Saturday 16th July
The phrase on everybody’s lips is “weather window”. Bora Bora is the principle place to check out of French Polynesia before sailing on towards Tonga. The winds for the passage have not been great for the past few weeks so a bit of a yacht bottle neck is building up. Obviously all the crews here are individuals with an adventurous streak or they wouldn’t be sitting in a small floating home half way across the Pacific, it is strange observation then, that they clump together so. The word will go out that the weather looks good, people stop looking at there own weather forecasts and there will be a mass exodus. It’s the same with anchoring when we arrived in this bay it was empty except for a couple of charter boats out near the reef, we anchored in deeper water and spent a couple of days in splendid isolation. Then a couple of friends arrived and we created a group of three boats, immediately every boat that entered the bay seemed to stop looking at their own charts and instead just anchored nearby us. At one point there were about ten yachts all anchored on top of each other and the rest of the large bay was empty?!
The weather looks quite good to leave in a couple of days but this window of opportunity has caught us napping and it would mean rushing around for two days and we don’t really fancy competing with every one else for a spot at the fuel dock or that last tomato at the supermarket. So we may well stay a bit longer, hardly a hardship.
We are anchored in Tehou Bay, in the lea of Toopua Island in the SW corner of the Bora Bora lagoon. We are again in clear turquoise water, with green hills to shore and a dramatic white line of surf out to sea. When we arrived on Tuesday, having dropped the anchor carefully to ensure we weren’t going to snag on any coral heads, we jumped into the water and a school of twelve spotted eagle rays glided slowly past our feet. I love them, they are so graceful and have friendly faces a bit like a dogs. Out on the reef the tourist boats come to feed sting rays and black tips and to the south of us is a line of luxury, over the water, Hilton villas.
Our only real issue is again lack of Internet, the only place we are finding anything is in the restaurants and with the eleven hour time difference back to the UK it is making communication quite difficult. In Tehou bay we don’t even have much of a phone signal.
Luckily Bora Bora is quite small so we can easily run back in to town. Wednesday night we decided to go back for Happy Hour at the yacht club as the guitarist from last week was to be there again. It was only about 2nm if we cut the corner off the main channel, so we took the iPad and recorded our track winding through the coral heads while it was still light and then followed the track back later that evening in the dark. It was quite exciting whizzing blindly through the night, Rick driving, me directing – right a bit, left a bit, LEFT A BIT MORE!
Thursday night Lili and Steve from Liward and Steve, Linda, Karen and Peter from Nina came onboard armed with meat, salad and beer and we had a BBQ. As the sun went down Steve broke out his guitar and we all, loudly, sang the night away, more enthusiasm than talent on the vocals, maybe that will teach people not to anchor quite so close to us.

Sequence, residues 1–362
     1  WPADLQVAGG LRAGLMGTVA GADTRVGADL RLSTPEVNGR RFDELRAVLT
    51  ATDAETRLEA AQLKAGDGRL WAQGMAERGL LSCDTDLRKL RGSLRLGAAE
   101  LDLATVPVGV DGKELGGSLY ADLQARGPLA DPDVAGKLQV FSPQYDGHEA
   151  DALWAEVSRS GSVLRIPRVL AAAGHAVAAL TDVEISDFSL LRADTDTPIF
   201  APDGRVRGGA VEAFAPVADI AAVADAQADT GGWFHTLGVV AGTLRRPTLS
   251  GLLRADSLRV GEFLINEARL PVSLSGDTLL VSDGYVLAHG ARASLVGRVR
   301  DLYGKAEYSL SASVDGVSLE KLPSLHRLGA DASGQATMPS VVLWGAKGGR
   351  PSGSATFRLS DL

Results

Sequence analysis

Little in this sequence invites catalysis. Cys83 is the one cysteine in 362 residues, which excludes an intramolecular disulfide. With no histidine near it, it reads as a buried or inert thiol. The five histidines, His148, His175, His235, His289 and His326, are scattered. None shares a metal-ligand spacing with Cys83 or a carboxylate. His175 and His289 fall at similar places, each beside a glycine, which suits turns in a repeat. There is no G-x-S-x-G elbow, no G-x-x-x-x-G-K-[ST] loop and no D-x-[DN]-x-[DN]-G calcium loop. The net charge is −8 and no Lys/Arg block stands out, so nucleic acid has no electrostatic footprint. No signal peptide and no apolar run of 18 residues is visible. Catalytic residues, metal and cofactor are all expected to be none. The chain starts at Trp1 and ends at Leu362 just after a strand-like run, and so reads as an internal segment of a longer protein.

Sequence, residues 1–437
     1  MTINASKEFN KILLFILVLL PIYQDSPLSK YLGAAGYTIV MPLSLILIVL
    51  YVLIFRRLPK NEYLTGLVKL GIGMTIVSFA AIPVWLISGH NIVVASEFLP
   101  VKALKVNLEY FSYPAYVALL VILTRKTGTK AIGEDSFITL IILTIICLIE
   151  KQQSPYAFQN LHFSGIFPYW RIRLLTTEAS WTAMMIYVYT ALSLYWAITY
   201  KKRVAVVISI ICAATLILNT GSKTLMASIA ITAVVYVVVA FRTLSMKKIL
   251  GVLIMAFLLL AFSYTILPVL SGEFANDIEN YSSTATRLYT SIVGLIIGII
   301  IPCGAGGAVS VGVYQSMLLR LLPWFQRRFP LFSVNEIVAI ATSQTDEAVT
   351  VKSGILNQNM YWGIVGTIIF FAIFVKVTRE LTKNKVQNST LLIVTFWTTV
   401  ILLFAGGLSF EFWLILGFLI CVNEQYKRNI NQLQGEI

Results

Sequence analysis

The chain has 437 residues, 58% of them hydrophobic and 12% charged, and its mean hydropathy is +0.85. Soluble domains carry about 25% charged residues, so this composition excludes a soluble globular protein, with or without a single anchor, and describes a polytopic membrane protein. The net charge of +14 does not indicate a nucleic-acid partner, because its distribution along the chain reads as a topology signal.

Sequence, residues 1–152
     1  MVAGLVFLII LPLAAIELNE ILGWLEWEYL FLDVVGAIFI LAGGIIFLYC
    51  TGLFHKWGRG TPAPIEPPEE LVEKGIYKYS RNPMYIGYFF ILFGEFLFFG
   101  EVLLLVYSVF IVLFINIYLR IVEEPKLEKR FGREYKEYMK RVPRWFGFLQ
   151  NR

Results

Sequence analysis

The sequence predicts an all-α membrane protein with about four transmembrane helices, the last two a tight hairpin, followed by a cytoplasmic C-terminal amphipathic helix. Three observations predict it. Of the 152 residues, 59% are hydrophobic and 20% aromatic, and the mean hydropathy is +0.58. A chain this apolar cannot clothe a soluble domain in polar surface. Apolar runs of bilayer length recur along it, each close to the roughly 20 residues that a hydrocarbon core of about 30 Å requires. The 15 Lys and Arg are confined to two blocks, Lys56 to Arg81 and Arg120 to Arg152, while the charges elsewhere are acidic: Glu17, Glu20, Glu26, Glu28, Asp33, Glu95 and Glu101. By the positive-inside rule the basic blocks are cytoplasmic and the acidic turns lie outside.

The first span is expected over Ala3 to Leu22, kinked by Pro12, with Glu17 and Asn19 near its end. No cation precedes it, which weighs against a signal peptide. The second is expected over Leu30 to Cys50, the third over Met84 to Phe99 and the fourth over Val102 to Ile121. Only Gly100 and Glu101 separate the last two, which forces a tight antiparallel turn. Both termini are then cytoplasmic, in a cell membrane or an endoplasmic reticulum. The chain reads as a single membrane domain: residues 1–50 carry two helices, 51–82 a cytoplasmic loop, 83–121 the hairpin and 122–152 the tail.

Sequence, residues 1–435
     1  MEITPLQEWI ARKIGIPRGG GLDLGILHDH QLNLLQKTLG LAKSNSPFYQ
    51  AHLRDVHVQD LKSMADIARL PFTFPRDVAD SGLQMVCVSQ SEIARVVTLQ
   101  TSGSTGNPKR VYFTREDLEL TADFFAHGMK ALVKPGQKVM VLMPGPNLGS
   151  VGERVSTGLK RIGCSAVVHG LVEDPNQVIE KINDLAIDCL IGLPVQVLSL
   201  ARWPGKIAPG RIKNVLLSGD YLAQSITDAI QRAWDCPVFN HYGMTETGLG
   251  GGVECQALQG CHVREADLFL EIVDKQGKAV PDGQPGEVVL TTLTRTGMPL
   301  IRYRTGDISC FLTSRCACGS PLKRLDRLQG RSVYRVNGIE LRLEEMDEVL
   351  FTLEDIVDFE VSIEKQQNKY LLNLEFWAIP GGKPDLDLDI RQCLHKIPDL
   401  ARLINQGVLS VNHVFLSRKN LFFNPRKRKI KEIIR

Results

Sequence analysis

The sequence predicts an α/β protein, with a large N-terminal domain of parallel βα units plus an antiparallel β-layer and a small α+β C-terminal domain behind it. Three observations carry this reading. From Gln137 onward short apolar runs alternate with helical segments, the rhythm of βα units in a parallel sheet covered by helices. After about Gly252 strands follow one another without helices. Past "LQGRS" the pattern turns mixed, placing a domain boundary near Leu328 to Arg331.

The next morning all a little worse for wear we took the dingies around the south of the island to a snorkelling spot. The day was calm, the water so clear and so blue we could see the coral ten meters down as if it was at the surface. There was quite a strong current running over the buoyed bank of coral, the trick was to swim hard against the flow to one side and then drift back over all the fish and repeat until you are exhausted. It amazes me that having been here for over three months, that we are still seeing new types of fish each time we snorkel, the star today was a roundish fish, about the size of a large serving platter, brown with green stripes and a large green stubby nose? Linda had bought the remains of last nights pasta salad, this was very popular with the smaller reef fish and caused a mini feeding frenzy all around us.
Perhaps because of the night before or the strength of the current, we all tired quite quickly and we returned to our dingies and went over for lunch at Bloody Mary’s Restaurant. It is famous on Bora Bora, built in Polynesian style with thatched roof and sand floors, it’s been wowing its customers for over forty years. At the entrance they have two boards listing all their famous visitors, it seems everyone has been from Rod Stewart, to Diana Ross, to Cameron Diaz to Buzz Aldrin. The Bloody Mary’s were spicy, the burgers good and the wash basin in the ladies a waterfall, but no famous faces we could recognise.
Between the fun there are still the routine jobs to do. Today one of our least favourite – cleaning the hull. After the fast growth rate in the Galápagos and Marquesas, the hull in the Tuomotu kept surprisingly clean so we have had a bit of a reprieve but it has been gradually getting worse again as we have sailed west. Close up we saw it had grown a whole eco system over the last couple of weeks. So I cleaned the thick green slime from the waterline, while Rick put on his scuba gear and tackled the fuzz of weed and barnacles that were making our keel and rudder thier home.
With the hull pristine we should fairly fly to Tonga. Until then, here we sit awaiting the next weather window with our name on it.